Primary Supervisor: Dr Anthony Lewis (University of Portsmouth)
Dr Mariana Oana Popa (Sussex Drug Discovery Centre – University of Sussex) Professor Jeffrey Hill (Sussex Drug Discovery Centre – University of Sussex)
Opportunistic fungal pathogens are a significant threat to human health and global food security. The effectiveness of current fungicides to treat human infections and agricultural blights is in rapid decline due to evolving fungal resistance, and is complicated by biological similarities between fungi and their hosts. TOK ion channels are unique plasma membrane potassium channels found only in fungi, and no structurally or functionally equivalent protein exists in humans, animals or plants. We have already extensively characterised the basal biophysical properties of TOK channels cloned from multiple species of human and plant fungal pathogens. Given their functional attributes, preliminary data from the Lewis lab (UoP), and other published work, indicates TOK channels could be novel strategic targets for future antimicrobial compounds. We hypothesise that perpetual TOK activation will lead to changes in virulence-associated cell morphology and cell death.
Aims and Approach:
Here, we will be to continue the functional characterisation of TOK channels using two-electrode voltage-clamp (TEVC) and patch clamp electrophysiology, focussing on their activation by environmental and mechanical stimuli. This profiling will enable us characterise the functional role of TOK channels in fungal cell physiology, morphology and virulence using the model yeast, Candida albicans. The final aim will be to assay for potent chemical activators of the TOK channel that demonstrate good efficacy in established fungal cell death and morphology assays. This will involve the creation of stable cells lines and implementation of fluorescence-based flux screening assays as well as orthogonal assays using QPatch technology and screening of a 2K LifeChem ion channel CUTE compound library.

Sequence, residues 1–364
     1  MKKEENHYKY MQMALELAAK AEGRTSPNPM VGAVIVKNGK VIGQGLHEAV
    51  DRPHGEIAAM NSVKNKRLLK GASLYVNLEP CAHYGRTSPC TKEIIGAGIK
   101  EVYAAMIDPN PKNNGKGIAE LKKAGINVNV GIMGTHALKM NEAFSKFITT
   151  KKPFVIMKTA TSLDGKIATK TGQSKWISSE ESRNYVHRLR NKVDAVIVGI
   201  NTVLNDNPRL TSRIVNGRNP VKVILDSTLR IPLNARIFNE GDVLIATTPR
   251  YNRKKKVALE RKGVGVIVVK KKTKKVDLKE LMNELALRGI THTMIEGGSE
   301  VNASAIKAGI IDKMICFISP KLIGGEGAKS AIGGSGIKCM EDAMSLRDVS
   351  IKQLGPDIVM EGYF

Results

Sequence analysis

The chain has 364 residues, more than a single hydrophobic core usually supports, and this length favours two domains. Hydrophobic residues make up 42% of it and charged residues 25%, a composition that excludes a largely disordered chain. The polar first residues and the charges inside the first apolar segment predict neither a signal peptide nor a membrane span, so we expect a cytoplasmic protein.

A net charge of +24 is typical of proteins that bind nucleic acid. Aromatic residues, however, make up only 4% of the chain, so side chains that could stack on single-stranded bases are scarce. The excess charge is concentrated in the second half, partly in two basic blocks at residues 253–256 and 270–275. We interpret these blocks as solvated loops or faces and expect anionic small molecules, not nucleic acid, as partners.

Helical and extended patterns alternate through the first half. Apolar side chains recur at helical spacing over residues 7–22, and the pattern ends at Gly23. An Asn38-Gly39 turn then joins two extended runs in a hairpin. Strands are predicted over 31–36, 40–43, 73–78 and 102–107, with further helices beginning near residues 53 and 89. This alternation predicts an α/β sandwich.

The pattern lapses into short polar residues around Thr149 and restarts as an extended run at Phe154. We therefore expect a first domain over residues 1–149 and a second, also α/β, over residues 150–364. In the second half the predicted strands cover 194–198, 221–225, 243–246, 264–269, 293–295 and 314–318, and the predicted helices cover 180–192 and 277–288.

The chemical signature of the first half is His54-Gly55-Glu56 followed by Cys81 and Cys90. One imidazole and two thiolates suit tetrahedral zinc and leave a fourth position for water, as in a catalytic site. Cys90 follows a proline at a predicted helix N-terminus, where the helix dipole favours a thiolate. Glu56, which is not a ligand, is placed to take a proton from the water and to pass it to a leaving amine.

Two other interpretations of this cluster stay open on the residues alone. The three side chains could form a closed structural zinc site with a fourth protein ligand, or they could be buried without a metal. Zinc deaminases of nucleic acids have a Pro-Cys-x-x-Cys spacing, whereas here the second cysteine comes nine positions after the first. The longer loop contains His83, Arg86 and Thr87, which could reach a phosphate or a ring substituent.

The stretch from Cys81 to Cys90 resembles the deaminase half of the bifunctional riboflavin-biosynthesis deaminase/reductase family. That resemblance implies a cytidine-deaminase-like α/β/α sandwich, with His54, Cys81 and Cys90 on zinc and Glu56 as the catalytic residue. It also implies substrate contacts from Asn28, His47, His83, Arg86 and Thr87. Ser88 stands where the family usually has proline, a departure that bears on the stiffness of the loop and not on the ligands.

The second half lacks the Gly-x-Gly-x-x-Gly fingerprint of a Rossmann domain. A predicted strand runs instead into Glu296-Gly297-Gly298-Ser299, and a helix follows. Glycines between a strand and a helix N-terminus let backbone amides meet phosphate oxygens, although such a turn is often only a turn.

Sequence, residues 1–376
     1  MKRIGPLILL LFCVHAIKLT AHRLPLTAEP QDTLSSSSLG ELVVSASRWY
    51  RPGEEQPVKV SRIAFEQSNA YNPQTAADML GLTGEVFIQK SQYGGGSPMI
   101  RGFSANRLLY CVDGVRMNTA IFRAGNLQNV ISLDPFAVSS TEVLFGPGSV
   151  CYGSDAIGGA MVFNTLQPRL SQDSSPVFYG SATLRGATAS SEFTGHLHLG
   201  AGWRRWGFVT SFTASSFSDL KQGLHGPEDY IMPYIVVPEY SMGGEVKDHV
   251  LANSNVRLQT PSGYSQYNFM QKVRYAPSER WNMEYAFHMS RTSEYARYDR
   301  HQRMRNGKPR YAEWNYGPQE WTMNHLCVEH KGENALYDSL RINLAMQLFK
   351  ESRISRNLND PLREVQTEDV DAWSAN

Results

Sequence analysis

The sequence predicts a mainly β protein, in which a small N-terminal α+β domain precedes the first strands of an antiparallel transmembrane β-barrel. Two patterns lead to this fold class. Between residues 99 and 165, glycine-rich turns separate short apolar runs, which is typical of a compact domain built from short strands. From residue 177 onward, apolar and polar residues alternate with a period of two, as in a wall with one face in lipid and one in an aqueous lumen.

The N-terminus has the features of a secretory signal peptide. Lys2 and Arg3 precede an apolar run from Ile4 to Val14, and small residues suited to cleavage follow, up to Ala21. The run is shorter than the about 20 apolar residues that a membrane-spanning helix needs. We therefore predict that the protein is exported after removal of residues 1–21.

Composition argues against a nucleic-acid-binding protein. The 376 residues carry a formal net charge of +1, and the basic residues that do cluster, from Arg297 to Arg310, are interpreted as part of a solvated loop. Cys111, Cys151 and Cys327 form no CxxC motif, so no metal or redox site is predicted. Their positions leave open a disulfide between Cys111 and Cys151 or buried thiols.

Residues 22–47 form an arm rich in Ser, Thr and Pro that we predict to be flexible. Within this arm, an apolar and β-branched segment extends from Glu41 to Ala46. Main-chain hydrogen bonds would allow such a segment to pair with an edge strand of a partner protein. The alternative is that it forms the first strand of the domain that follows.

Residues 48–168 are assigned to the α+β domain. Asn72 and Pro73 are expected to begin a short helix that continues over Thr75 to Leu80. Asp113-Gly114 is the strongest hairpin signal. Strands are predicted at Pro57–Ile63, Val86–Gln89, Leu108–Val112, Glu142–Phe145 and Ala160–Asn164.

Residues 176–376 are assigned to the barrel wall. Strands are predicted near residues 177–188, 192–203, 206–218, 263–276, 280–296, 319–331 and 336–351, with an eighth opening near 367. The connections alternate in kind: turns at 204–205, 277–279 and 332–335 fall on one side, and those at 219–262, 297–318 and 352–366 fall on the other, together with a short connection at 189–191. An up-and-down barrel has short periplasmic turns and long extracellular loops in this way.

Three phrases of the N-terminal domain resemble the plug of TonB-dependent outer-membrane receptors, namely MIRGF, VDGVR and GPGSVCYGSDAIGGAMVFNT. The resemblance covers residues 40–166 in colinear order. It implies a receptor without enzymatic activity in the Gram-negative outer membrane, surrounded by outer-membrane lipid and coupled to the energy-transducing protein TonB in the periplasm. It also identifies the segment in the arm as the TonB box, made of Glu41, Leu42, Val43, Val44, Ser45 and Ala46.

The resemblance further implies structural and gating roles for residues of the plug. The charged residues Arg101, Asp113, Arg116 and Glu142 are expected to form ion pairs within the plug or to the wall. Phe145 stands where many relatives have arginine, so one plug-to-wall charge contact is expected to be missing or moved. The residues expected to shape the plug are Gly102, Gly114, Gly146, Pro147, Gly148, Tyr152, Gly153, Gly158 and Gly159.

The unique fungal specific nature of TOK channels coupled with their potential role in fungal cell death and morphology, through promotion of ion dyshomeostasis, makes them viable targets for future fungicidal compounds to combat deleterious human, animal and agricultural mycoses.